When you have the chance, I highly recommend this 15 minute, hands-on web tutorial on using Git.


GitHub is a web hosting service for the source code of software and web development projects (or other text based projects) that use Git. In many cases, most of the code is publicly available, enabling developers to easily investigate, collaborate, download, use, improve, and remix that code. The container for the code of a specific project is called a repository.

There are thousands of really cool and exciting repositories on GitHub, with new ones added every day. Some examples of popular software development projects that make their code available on GitHub include:

    , an extremely popular front-end framework for mobile first websites, created by developers at Twitter. , a front-end template for quickly building websites,
  • The JavaScript Visualization Library D3 , the open-source web framework built on Ruby.

Usually, people just host the files that contain their code, so what you see on the end view is the actual code, as in this example from the Ruby on Rails project:

GitHub Pages

GitHub Pages are public webpages hosted for free through GitHub. GitHub users can create and host both personal websites (one allowed per user) and websites related to specific GitHub projects. Pages lets you do the same things as GitHub, but if the repository is named a certain way and files inside it are HTML or Markdown, you can view the file like any other website. GitHub Pages is the self-aware version of GitHub. Pages also comes with a powerful static site generator called Jekyll, which we’ll learn more about later on.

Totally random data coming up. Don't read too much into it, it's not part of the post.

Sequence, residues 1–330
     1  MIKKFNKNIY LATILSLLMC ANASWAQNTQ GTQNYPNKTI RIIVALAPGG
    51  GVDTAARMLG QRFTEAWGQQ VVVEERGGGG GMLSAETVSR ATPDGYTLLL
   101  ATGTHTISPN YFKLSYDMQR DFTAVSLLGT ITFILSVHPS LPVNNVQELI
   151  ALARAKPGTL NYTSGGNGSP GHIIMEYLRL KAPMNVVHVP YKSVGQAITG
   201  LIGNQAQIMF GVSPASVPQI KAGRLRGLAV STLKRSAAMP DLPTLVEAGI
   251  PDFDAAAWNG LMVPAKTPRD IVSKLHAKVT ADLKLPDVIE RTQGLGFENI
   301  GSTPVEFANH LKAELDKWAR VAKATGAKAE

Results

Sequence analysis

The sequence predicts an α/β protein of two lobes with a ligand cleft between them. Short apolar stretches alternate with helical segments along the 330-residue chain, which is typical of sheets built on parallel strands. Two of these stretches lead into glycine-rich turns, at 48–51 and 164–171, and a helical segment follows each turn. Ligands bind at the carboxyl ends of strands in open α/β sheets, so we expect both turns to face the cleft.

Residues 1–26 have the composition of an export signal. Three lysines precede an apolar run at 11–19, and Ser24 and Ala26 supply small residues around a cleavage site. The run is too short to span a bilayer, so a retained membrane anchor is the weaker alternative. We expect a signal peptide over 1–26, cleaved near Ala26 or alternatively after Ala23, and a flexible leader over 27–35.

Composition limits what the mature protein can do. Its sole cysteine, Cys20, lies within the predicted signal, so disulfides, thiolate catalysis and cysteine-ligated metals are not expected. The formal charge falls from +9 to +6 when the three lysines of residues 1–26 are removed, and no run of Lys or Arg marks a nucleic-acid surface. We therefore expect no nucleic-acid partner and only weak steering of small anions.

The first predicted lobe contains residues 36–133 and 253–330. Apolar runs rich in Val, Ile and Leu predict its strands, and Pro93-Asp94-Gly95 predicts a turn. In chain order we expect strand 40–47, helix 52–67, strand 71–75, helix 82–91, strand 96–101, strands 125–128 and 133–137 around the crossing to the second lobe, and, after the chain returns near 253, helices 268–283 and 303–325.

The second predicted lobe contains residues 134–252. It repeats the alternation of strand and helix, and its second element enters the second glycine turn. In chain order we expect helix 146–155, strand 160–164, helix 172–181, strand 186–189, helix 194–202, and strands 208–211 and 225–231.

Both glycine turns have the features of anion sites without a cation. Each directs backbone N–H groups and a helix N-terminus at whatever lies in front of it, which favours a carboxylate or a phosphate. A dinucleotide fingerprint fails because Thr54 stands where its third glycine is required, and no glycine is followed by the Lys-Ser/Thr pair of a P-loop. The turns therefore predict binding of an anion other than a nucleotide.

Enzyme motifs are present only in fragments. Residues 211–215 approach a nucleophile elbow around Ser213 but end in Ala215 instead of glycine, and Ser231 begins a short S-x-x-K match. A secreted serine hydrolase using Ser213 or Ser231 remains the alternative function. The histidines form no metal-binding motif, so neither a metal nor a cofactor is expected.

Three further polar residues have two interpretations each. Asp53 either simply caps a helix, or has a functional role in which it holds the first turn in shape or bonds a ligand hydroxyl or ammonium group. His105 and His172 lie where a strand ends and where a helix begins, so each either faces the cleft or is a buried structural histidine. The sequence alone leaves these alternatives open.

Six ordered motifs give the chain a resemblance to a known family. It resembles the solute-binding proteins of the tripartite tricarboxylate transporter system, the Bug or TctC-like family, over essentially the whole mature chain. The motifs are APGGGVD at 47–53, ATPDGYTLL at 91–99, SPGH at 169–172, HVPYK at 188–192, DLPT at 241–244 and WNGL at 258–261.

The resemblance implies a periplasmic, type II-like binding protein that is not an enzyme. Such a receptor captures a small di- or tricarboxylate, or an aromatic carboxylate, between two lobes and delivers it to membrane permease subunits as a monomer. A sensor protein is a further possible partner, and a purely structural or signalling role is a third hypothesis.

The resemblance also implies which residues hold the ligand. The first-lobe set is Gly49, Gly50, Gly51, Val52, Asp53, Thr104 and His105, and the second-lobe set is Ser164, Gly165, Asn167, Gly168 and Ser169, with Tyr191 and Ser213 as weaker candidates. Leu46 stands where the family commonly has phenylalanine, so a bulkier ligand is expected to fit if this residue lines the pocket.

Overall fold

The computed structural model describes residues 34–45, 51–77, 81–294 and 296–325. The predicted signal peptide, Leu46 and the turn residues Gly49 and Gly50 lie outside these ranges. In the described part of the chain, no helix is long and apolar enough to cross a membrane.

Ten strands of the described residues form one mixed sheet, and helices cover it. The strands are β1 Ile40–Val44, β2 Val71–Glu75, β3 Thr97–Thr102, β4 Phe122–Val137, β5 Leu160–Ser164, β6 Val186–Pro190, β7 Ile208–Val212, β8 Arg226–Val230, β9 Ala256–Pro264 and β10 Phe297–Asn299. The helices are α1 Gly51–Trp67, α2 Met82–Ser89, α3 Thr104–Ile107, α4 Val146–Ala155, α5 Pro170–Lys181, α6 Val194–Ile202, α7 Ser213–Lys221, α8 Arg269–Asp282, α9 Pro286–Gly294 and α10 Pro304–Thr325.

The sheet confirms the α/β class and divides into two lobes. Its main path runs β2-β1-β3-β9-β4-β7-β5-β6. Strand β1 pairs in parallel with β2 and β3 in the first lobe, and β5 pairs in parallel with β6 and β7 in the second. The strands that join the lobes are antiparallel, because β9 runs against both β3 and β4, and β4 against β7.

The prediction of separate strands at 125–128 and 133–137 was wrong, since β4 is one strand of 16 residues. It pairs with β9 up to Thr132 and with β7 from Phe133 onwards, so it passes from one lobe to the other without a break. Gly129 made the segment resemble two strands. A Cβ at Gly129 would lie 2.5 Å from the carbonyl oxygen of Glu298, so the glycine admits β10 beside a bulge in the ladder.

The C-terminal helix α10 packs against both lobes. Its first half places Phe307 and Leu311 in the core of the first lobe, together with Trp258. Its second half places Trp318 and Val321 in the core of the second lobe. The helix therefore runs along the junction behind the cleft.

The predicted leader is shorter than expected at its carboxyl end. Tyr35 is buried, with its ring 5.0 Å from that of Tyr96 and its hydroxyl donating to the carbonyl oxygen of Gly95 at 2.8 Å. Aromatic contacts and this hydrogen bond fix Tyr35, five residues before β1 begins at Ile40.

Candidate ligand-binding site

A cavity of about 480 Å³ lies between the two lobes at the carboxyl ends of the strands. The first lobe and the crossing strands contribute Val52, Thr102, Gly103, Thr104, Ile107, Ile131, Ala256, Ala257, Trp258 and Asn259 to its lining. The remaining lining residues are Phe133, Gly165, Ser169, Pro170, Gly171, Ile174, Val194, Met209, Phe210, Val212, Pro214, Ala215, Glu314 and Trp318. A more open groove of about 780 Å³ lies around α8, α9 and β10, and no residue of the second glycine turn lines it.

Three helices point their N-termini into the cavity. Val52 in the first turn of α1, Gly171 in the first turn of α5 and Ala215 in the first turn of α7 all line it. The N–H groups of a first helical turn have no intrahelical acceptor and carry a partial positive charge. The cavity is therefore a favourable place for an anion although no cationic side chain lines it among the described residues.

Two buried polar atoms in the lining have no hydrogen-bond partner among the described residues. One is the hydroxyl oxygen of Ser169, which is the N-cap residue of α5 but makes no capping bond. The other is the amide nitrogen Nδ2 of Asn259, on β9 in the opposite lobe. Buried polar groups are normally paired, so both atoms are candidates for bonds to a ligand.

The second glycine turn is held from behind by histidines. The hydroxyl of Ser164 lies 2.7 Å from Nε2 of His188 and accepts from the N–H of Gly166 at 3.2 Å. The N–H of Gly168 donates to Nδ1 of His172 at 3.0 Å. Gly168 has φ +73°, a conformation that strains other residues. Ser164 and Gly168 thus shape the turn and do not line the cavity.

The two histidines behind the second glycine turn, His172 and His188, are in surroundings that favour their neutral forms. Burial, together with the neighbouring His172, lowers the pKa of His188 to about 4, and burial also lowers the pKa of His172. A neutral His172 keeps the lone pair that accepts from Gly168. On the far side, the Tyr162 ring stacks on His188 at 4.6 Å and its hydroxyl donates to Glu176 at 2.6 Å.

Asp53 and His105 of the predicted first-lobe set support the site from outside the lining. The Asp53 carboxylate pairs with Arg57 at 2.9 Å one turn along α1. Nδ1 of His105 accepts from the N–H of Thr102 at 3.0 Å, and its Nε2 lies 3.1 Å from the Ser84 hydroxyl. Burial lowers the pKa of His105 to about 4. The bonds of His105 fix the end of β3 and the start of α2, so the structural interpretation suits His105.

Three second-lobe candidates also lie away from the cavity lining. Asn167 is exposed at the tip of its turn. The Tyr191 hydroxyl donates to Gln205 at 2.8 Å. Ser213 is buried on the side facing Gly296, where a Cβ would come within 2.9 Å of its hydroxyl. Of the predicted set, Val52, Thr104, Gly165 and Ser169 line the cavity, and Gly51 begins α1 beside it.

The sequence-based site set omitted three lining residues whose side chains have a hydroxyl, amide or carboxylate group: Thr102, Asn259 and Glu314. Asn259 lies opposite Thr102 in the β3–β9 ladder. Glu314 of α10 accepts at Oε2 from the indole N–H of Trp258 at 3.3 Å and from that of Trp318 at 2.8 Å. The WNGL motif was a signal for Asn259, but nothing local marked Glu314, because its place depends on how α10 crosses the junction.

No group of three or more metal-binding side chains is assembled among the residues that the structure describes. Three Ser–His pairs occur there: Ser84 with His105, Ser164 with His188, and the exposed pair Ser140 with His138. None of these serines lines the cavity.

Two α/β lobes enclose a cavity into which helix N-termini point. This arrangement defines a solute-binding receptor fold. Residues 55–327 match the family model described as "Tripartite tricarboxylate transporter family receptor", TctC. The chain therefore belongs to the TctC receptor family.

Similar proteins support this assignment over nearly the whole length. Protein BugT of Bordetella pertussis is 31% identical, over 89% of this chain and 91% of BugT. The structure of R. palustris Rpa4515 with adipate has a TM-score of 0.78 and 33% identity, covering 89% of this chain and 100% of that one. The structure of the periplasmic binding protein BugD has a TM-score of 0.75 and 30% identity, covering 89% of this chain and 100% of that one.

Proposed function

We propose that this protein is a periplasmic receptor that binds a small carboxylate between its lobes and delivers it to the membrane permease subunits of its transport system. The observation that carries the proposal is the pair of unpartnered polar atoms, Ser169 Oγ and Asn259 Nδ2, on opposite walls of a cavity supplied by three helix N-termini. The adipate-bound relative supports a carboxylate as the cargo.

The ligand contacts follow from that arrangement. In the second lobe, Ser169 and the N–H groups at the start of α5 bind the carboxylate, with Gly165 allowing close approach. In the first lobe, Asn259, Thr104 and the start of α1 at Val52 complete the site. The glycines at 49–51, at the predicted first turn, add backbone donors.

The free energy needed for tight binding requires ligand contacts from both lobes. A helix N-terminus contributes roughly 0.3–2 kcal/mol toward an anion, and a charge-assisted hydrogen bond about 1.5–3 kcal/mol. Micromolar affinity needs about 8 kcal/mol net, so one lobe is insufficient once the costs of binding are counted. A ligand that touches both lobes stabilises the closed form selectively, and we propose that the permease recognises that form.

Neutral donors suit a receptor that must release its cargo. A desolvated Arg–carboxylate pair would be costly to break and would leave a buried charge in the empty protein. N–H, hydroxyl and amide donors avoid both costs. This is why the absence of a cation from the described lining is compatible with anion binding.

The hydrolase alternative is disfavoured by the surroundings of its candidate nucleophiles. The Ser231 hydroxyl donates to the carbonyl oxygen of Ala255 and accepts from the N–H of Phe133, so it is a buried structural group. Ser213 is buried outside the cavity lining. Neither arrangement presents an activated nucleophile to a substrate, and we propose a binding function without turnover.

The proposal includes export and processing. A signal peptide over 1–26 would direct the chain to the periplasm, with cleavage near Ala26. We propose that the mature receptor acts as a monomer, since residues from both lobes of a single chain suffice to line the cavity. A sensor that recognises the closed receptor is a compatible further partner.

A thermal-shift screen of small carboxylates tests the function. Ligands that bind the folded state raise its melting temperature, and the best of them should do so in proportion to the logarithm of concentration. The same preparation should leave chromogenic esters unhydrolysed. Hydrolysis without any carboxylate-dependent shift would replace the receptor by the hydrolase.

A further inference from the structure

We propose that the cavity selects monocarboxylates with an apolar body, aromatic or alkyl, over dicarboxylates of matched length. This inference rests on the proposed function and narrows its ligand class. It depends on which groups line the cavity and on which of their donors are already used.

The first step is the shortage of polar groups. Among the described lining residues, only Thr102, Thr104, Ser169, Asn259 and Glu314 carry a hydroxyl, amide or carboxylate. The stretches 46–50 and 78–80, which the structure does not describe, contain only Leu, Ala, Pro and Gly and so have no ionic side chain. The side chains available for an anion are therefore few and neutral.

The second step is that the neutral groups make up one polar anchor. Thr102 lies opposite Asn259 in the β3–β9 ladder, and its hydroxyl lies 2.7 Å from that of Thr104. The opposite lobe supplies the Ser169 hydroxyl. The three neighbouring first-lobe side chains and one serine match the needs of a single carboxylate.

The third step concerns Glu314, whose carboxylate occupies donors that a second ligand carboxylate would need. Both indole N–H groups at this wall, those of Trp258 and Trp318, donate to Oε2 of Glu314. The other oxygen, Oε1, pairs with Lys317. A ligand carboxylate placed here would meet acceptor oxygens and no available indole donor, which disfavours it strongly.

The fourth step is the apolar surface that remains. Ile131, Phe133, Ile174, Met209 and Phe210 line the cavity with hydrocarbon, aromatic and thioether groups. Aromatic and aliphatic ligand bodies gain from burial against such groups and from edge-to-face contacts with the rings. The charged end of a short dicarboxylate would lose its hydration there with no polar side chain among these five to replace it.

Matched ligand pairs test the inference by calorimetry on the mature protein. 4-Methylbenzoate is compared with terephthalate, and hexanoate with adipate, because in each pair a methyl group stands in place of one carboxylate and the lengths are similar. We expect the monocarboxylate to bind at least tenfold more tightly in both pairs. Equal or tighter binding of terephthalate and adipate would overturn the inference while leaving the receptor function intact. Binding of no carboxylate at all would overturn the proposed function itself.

Getting Started with GitHub Pages

Don’t worry if some of these concepts are still a little fuzzy to you. The best way to learn this stuff is to just start doing the work, so let’s not waste anymore time and dive right in.

1 Create your project’s repository. Login to your GitHub account and go to or click the New repository icon from your account homepage.

2 Name your repository , replacing username with your GitHub username. Be sure it is public and go ahead and tell GitHub to create a README file upon generating the repo.

3 Create an index.html page by clicking the plus icon next to your repository name and typing the file name directly in the input box that appears.

On the resulting page, put this markup inside of the GitHub text editor:

4 Commit index.html . At the bottom of the page, there is a text input area to add a description of your changes and a button to commit the file.

Congrats! You just built your first GitHub Pages site. View it at Usually the first time your GitHub Pages site is created it takes 5-10 minutes to go live, so while we wait for that to happen, let’s style your otherwise plain HTML site.

5 To style the content go back to your repository home and create a new file named css/main.css . The css/ before the filename will automatically create a subdirectory called css . Pretty neat.

Place the following inside main.css :

Don’t forget to commit the new CSS file!

6 Link to your CSS file inside your HTML document’s . Go back to index.html and select the “Edit” button.

Add a link to main.css (new markup is in bold):

Visit to see your styled website. It should look like the page at

Using Jekyll with GitHub Pages

Like GitHub Pages, Jekyll is self-aware, so if you add folders and files following specific naming conventions, when you commit to GitHub, Jekyll will magically build your website.

While I recommend setting up Jekyll on your own computer so you can edit and preview your site locally, and when ready, push those changes to your GitHub repo, we’re not going to do that. Instead, to quickly get a handle on how Jekyll works, we’re going to build it into our GitHub repo using the GitHub web interface.

What is Jekyll?